Her friend replied, “Yes, I am a vice president, but things haven’t always been easy. You may not understand that today, but one day you will. I know this is hard for you to understand and accept, but I want to do more in my career as well. In fact, I have many of the same areas of opportunity that you do. What I am trying to say, Margret, is take some time and allow things to play out a bit. Work on the areas addressed and gain the confidence needed to exercise your abilities.”

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I Wish I Were More Like You
As the weeks passed, Margret was back working. While she’s doing much better, she still felt a void she must soon deal with. She wanted to achieve her dream of being a Director and was faced with an incredible challenge. She knew that to become the leader she wants to be, she must face her inner demons and tackle them head on. Understanding what lies ahead, she was even a bit fearful of the process.

A month or two passed, and as Margret was walking home from work one day, she bumped into her good friend. “Margret, how are things? How’s work?”
With a sigh she replied, “Work is good, but I haven’t worked on my plan yet.”
“Why?” her friend asked. “The challenge is yours alone, and you need to face it.”
Margret responded, “I just wish I could be more like you. You seem to have all the answers. You excel in areas where I’m not so good, and you have great confidence in yourself.”
Her friend responded, “Margret, you know that’s not true. You know what I had to do to get to this point. It’s not been easy, and there have been many obstacles to overcome along the way. You are very much like me. In fact, you may be much more like me than you care to admit.”

History and Life Experience Is a Coach
History and our experiences in life can provide great coaches if we’re willing to learn from them. I faced this exact circumstance years ago when I was working on becoming a Director. Margret is me reminiscing of a tough time in my own career and applying the lessons learned to help her friend/me. All of us experience trials and challenges in life. But if it’s also true that ninety percent of our worries never come to pass— which I truly believe—then why are we so bogged down at times? Why do we have such a hard time learning from the trials and challenges of the past? The answer lies both in the trial and in the challenge.

Whatever tough times we may be facing in our careers, whatever promotions we may be going after, whatever challenges face us, there is a good chance that we have faced similar challenges before. In fact, there are always lessons to be learned from past trials that can help you today. Consider, for example, your toughest trial. While not everyone can say it was in any way a pleasant experience, most can say they worked through it. Why feel down on yourself? Why feel like you’re not worthy? We should all do our best to face these trials and manage through life’s challenges with perseverance, faith, and conviction that each trial is a life lesson that can provide growth and a positive learning experience.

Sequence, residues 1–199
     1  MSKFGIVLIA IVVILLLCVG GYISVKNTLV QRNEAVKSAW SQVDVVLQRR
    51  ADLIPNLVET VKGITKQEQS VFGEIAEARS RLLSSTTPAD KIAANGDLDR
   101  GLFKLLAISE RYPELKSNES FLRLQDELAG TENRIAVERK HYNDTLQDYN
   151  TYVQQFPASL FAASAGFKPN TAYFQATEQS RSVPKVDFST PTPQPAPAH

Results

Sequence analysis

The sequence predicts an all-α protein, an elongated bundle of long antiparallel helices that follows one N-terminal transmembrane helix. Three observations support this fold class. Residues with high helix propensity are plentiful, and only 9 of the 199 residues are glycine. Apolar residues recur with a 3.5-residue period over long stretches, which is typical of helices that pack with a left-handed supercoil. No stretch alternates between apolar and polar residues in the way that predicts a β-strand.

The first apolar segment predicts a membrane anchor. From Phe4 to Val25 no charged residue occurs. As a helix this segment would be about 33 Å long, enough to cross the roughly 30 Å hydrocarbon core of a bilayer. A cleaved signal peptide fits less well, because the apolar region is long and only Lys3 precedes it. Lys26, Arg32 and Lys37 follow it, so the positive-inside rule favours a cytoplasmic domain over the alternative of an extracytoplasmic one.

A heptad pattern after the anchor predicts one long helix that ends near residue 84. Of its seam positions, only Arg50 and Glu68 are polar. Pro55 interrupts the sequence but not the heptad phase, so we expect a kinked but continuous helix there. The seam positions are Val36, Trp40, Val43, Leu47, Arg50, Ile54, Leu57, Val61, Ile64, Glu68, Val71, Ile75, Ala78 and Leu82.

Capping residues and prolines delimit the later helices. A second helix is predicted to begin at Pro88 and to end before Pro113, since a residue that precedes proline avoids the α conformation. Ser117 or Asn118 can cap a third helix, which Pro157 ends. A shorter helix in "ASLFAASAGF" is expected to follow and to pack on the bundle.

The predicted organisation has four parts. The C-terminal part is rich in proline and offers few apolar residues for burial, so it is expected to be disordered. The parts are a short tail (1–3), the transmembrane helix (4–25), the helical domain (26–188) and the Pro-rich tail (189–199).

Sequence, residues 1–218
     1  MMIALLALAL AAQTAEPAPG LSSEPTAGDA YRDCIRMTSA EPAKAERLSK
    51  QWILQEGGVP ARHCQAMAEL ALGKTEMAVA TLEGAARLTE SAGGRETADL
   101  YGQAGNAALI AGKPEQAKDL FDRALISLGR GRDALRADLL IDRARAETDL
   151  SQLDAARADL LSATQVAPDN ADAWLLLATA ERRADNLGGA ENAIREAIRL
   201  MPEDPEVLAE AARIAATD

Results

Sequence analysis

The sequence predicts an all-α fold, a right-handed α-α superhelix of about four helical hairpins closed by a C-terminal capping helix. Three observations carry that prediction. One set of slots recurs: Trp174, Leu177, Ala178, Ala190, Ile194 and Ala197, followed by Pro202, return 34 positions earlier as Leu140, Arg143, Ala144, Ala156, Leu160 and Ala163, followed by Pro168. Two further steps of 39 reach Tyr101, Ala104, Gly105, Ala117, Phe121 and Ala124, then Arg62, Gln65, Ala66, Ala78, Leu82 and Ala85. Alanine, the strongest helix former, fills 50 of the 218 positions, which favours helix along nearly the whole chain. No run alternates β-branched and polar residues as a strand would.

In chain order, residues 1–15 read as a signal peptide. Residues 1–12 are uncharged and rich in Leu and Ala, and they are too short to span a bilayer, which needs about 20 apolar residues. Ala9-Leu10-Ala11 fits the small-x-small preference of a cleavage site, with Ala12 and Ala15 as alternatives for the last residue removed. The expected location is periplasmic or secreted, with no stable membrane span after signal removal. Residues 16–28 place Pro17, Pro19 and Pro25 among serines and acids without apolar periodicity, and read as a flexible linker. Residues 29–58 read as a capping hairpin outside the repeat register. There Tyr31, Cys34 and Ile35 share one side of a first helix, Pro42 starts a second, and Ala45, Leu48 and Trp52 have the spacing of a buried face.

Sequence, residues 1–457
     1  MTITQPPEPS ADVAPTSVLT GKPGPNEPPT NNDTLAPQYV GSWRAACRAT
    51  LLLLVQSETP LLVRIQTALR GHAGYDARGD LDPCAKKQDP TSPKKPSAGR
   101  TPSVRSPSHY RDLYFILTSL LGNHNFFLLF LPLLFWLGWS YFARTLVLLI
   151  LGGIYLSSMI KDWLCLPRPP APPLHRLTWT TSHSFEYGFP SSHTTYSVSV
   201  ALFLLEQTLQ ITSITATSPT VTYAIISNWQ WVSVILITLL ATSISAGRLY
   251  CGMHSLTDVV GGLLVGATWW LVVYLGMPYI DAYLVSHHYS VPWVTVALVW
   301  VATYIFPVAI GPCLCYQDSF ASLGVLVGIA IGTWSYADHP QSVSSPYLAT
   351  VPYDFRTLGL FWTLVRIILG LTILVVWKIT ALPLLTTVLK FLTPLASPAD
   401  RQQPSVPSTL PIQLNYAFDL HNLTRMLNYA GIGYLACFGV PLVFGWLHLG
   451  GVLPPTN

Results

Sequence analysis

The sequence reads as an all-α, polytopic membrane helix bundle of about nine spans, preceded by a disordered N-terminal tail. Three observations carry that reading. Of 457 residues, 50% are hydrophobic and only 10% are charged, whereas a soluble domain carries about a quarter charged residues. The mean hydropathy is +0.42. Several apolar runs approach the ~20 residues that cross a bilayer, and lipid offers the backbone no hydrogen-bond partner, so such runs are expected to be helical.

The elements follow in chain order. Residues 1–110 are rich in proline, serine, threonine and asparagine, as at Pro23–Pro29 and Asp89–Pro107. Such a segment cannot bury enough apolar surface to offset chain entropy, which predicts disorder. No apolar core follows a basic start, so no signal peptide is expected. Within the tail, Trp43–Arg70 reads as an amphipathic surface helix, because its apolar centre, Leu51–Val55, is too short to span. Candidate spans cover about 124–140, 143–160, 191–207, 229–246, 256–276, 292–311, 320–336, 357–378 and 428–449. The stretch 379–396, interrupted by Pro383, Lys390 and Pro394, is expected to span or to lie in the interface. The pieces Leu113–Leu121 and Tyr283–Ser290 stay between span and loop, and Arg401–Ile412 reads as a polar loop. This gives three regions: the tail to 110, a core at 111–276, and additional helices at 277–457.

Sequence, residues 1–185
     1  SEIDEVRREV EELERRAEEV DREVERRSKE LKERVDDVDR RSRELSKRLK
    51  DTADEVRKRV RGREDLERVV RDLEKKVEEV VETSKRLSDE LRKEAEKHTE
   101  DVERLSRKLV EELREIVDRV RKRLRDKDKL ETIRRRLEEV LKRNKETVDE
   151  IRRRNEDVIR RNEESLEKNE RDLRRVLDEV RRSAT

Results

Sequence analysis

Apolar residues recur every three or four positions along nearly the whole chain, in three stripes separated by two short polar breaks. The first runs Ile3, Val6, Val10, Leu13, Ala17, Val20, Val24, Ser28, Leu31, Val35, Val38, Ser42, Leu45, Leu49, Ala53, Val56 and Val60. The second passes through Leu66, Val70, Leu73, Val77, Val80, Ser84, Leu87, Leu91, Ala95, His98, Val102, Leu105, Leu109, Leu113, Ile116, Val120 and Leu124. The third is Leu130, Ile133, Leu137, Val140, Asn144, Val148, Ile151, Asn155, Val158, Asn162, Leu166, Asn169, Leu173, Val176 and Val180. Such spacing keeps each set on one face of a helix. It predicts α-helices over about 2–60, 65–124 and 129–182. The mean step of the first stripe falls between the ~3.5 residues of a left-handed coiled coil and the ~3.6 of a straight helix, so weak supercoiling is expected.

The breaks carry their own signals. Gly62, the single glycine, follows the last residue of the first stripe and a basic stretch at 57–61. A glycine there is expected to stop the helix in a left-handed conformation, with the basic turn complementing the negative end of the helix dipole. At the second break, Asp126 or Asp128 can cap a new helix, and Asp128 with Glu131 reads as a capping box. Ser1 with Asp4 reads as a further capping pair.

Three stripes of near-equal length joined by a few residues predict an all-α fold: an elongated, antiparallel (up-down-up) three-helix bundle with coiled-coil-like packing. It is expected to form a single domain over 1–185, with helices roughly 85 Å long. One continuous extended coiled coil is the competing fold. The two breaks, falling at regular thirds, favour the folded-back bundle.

Like Margret, there are times when we all feel that someone or something has let us down. Sometimes we let ourselves down. But one thing I have come to realize is that we should never give up or give in when facing these challenges. We should always strive to find the confidence to achieve our goals. While humility is one of the greatest attributes that we can find, I also believe that meekness does not mean weakness. I want to be a courageous leader who takes calculated risks because I am confident that as a student of the game, I will learn from my mistakes and the mistakes of others who have walked this path before me. In so doing, I truly believe we all can be a better leaders who display courage, humility, and the ability to overcome our fears and opportunities.

I will leave you with this thought: Walter Payton rushed for over 16,700 yards in his Hall of Fame football career. While known to this day as one of the most prolific running backs of all time, he never forgot the fact that along the way, he got knocked down about every five yards. There will be times when you will be knocked down as well, but that doesn’t mean you should leave the game early. Get back on your feet, and keep running until you’ve accomplished what you set out to do; reach out to build bridges with leaders who helped build our wonderful occupation, loss prevention. The choice is yours to find a mentor who can help you accomplish your goals.

Best Regards,
Ken Warfield


About the Author

Ken Warfield, CFI joined Regis Corporation as Vice President of Asset Protection in February, 2014. He brings 20 years of experience successfully developing, implementing and leading asset protection programs. Previously Warfield held leadership roles with Golub Corporation, CVS Caremark, Ratner Companies, Home Depot and Caldor Corporation. Warfield is a Certified Forensic Investigator and holds a Master’s Degree in Counseling from Southeastern and Wake-Forrest and a Bachelor of Science degree in Sociology: Criminal Justice from Mount St. Mary’s University.